FIG. 1 shows a typical network of events and activities that describes the sequence of steps and interdependencies in the manufacture of a product.
FIG. 2 shows a connection diagram of the control system showing the project manager's central primary computer and four secondary local computers each of which belongs to an activity manager interconnected by computer network cabling or the like.
FIG. 3 shows the information flow between the primary computer of the project manager and one secondary computer of an activity manager.
FIG. 4 shows a connection diagram of the system using a client/server computer network arrangement.
To facilitate the description of the invention, it is worthwhile to define some conventions solely for this purpose. These conventions are somewhat arbitrary and should not be construed as limiting to the generality of the invention. For the purpose of this description:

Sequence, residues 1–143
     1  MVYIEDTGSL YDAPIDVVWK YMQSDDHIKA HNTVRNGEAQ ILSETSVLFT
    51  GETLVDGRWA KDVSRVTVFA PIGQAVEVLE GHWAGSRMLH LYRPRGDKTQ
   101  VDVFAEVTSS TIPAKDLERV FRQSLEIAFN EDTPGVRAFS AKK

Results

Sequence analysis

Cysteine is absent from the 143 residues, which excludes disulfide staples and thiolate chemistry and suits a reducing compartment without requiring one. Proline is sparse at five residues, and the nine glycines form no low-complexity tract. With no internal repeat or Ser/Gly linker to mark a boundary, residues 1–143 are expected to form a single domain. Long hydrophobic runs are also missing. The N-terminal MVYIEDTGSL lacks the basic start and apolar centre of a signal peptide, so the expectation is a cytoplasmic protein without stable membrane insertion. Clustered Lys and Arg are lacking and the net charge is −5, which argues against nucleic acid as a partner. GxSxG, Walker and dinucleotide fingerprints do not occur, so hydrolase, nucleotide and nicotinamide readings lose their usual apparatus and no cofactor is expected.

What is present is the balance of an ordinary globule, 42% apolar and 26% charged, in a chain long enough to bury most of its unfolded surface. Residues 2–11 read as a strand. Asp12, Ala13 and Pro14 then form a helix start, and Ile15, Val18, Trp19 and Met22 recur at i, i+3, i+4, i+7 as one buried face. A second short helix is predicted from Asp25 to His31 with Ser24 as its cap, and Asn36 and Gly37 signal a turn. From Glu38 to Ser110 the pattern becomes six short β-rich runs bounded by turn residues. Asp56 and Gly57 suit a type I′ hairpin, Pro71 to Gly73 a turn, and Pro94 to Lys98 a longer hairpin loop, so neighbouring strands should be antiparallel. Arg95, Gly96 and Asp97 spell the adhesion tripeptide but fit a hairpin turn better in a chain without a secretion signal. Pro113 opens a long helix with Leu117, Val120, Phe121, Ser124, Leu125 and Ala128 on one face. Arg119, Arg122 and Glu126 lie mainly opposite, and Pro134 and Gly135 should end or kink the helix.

A. Time is measured in working days.
B. Each working day is assigned a sequential number called the “date” representing the working calendar date or a point in time: the number increases with later calendar time.
C. The delta value or delta is the amount of time that a component or an activity in the network is early or late with respect to its baseline schedule date or requirement date. Algebraically, the delta value is the estimated availability date(or actual date) minus the requirement date. If the availability date is earlier than the requirement date, it will be numerically smaller that the requirement date, and the delta value will be a negative number. This indicates the potential for an early (or ahead of schedule) event. If the availability date is later than the requirement date, the delta value is positive, which predicts that the event will be late. The delta value is a measure of the amount of lateness of an element or an event with respect to its baseline schedule date; the greater the delta value, the grater the amount of lateness.